Basilosaurus, the “King of Lizards”

Let’s travel back in time this month to visit our scary “scaley” friend, or so scientists thought! Get ready to meet our prehistoric predatory whale, Basilosaurus, “The King of Lizards”, or Zeuglodon.

Crdeit: Dominik Hammelsbruch – Own work (Wikipedia)

Following the bone trail…

1834 in Louisiana, American naturalist, and paleontologist, Richard Harlan (September 19, 1796 – September 30, 1843) received a single vertebra. He thought it came from a Plesiosuaurs-like creature. Harlan dubbed his findings as to the Basilosaurus, or “King Lizard.” In 1839, he took some more bones (jaws, teeth, etc.) to Sir Richard Owen (20 July 1804 – 18 December 1892) in England. He is an experienced comparative anatomist and paleontologist. He found that, in fact, these bones were mammalian in nature. The double-rooted teeth that gave it away.

He tried to have it renamed as Zeuglodon cetoides, to highlight its relationship to present-day whales. It didn’t stick, thus the name “King Lizard” still remains. Basilosaurus represents one of the earliest whales and descends from terrestrial mammals like the cetaceans we know today.

Living in the Eocene

These creatures roamed, well I suppose, swam the oceans about 40 million years ago, in the late Eocene Epoch. Little to no ice present on earth during the time they were prevalent. Found in the Gulf of Mexico, paleontologists found many of its fossils along the Mississippi and Alabama coast. Paleontologists found a smaller species of Basilosaurus in Egypt, B. isis, and in Pakistan.

Extending about 50-60 feet long, Basiloraurus was a slender and snake with a short rib cage. Its small pectoral fin-like appendages contained elbow joints, similar to those of sea lions. They had back flippers in place of what would have been their hind legs. Scientists think they utilized them during mating. They also noticed it had a small unattached pelvis. For more information, read our post on the evolution of early whales’ hips.

Though no substantial evidence, paleontologists have noted their tail vertebrae suggests the support for a tail fluke. However, it seems to be reduced, especially when comparing it to modern-day cetaceans. Basilosaurus’s body suggests it swam in an undulating motion. The remnants of where the muscles would have been placed showed a fragile connection. This means they did not deep dive, nor had high-speed chases to catch their prey. Their solid vertebrae most likely were fluid-filled.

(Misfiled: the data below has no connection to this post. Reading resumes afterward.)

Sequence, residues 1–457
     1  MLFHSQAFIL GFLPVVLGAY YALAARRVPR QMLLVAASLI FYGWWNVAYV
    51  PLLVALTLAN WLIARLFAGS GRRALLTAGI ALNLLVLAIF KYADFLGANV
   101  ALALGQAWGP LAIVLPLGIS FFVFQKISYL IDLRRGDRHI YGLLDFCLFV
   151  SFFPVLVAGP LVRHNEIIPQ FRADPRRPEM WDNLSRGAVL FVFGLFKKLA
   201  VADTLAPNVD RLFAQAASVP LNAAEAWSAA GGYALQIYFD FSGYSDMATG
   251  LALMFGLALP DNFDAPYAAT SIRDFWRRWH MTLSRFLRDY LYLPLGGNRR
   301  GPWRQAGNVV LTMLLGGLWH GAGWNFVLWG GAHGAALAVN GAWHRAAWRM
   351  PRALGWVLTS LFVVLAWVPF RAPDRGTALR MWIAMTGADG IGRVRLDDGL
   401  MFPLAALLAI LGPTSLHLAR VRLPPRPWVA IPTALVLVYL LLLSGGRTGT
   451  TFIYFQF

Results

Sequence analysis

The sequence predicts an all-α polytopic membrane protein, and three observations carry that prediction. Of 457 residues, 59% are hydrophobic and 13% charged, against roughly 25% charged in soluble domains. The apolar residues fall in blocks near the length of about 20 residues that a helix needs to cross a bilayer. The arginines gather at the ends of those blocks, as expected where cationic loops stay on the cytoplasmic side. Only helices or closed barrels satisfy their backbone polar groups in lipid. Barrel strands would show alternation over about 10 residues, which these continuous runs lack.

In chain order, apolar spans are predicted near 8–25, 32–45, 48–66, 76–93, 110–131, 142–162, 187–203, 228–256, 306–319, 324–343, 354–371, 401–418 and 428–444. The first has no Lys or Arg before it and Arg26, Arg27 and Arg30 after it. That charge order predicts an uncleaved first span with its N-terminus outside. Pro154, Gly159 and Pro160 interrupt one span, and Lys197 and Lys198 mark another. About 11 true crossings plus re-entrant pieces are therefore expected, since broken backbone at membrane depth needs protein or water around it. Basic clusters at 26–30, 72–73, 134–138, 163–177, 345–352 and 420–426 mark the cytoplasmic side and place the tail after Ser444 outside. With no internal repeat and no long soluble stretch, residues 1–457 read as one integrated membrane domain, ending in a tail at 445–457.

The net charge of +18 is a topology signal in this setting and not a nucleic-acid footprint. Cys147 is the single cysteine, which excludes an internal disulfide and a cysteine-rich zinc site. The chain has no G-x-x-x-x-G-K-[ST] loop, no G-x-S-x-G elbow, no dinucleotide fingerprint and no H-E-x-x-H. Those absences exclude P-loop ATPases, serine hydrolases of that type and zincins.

Basilosaurus’s diet

It was one of the largest meat-eaters of its time. Due to skeletal evidence, looking at its large jaws and massive teeth, scientists think it was an apex predator of its time. “Stomach content,” looking at where Basiloraurus isis‘s stomach would have been, paleontologists found remains of baby Dorudons (another smaller whale ancestor) and larger fish.

Eocene seas. Featuring the early whales Basilosaurus and Dorudon – Credit:

The End of the King’s Reign…

Apart from that, not much is known about the rest of the Basilorurus‘ life history. With global cooling, which ended the Eocene Epoch, ocean circulations changed. This lead to the extinction of Basilosaurus and other archaic whales around that time frame (34 million years ago). With this new change, new currents and deep ocean upwellings helped diversify species of modern toothed and baleen whales.

Thanks for reading!!

For more literature on Basilosurus:

These Hips Don’t Lie! The Evolution of Whales

Naomi Mathew is a PhD student at University of Louisiana at Lafayette. She works on bioacoustics in marine mammals from the Gulf of Mexico. She is the co-founder of Whale Scientists. You can read more about her here

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